Essentially everyone is in the cloud these days: 94 percent of 786 tech professionals across various organizations report using the cloud, according to the RightScale 2019 State of the Cloud report. They aren’t just leveraging one type of cloud solution either. Many businesses now employ a multi-cloud and hybrid approach, using multiple clouds and/or different kinds of clouds (public and private) to suit different workloads and avoid getting locked in with one vendor, among other reasons.
With most enterprises (84 percent, according to RightScale) now using a multi-cloud strategy, a new problem has become commonplace: managing cloud costs across various vendors and solutions. Half of enterprises spend more than $1.2 million each year on cloud solutions, and the no. 1 reported cloud priority for 2019 is cost optimization, the State of the Cloud report states.
Many have adopted cloud solutions partly for cost containment purposes, since they don’t require hardware like on-premise options. However, spending can easily climb as an organization adopts multiple clouds. A proactive and deliberate approach to cost management is crucial to optimize spending.
If you’re looking for ways to better manage your cloud expenditures, the following recommendations can help keep costs under control.
1. Monitor spending regularly. Make a habit of monitoring your daily cloud costs, according to the InformationWeek article “10 Tips for Managing Cloud Costs.” In larger companies, IT staff members typically spin up new instances all the time, so not paying attention to spending for weeks or even months will often leave you feeling caught off guard by spending levels.
2. Look into cloud cost management tools. Of course, you probably have enough to do without having to make the time to check on daily cloud costs. Luckily, you can streamline the process with monitoring tools. Many cloud vendors offer their own cost monitoring solutions. For example, Microsoft Azure recently announced the general availability of Azure Cost Management features for Azure Government and Pay-As-You-Go customers.
3. Identify areas of waste. On average, 35 percent of cloud spending is wasted each year, resulting in more than $10 billion down the drain in expenditures across Amazon Web Services (AWS), Azure and Google (the top public cloud vendors), according to the white paper “Essential Strategies for Managing Cloud Costs” from Flexera, the parent company of RightScale. Wasted spending usually results from the following four issues, according to the paper.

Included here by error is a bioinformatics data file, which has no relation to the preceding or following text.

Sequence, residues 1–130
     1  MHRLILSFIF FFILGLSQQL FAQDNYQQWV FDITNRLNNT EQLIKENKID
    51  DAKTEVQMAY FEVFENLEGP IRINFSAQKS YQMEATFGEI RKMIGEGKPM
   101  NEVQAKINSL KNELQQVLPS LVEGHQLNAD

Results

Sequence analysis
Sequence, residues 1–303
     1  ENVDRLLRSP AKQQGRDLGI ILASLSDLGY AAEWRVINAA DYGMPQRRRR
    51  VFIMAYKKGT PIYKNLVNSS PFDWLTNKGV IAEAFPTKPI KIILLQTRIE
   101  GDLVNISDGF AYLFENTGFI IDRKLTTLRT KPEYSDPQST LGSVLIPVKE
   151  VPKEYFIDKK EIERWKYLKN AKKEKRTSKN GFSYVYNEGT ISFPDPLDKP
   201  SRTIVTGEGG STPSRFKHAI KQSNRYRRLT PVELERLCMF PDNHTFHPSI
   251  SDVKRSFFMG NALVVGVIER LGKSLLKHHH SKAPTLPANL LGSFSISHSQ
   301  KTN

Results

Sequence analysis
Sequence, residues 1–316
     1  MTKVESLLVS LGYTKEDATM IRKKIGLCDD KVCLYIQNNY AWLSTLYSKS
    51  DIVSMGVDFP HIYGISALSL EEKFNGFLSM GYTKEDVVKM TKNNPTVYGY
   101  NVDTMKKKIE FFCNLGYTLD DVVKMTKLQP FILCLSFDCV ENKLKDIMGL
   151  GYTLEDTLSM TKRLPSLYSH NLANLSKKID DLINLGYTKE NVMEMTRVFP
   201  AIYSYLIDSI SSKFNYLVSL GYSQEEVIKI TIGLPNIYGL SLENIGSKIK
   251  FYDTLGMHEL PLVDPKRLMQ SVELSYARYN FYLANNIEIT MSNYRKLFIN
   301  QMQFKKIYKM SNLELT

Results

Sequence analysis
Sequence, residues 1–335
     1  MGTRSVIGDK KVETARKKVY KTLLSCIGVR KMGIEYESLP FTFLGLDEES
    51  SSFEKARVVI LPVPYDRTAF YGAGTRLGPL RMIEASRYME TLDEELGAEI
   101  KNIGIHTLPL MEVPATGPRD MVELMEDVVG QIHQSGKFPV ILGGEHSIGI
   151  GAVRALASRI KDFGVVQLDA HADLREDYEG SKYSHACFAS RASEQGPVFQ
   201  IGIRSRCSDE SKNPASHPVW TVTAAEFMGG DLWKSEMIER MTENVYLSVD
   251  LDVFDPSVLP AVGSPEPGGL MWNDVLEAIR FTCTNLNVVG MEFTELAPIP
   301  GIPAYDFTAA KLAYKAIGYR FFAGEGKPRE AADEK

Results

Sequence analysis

- Unautomated workloads. Automated tools are necessary to monitor cloud spending and identify and eliminate waste as it recurs over time.
- Choosing the wrong instance sizes. While migrating instances from on-premise infrastructure to the cloud, IT staff might mistakenly select a larger instance size than needed and often don’t reduce it later, leading to unnecessary spending.
- Confusing cloud pricing. With all the pricing options available to choose from, with thousands of different prices available for virtual machines alone from top public cloud providers, it’s easy to end up purchasing more storage than you need.
- Lack of visibility into resource costs. When provisioning takes place, resource owners might not have visibility into spending. The hourly rate might seem cheap, but it can add up considerably over the course of months or years.
4. Check for shadow IT. Shadow IT apps (those deployed without approval) can drive up cloud costs, according to the TechTarget SearchCloud Computing article “Cloud spending doesn’t need to be a guessing game.” If your cloud spending seems too high, make sure there aren’t apps running that your IT team isn’t aware of and didn’t agree to implement.
If you have any questions about cloud cost management or cloud solutions in general, our team of expert cloud consultants can assist you. We work with various offerings from a wide range of cloud vendors in our partner network, so we can offer insight into all kinds of solutions and assess whether they might benefit your business. Connect with us today by calling 877-599-3999 or emailing email@example.com.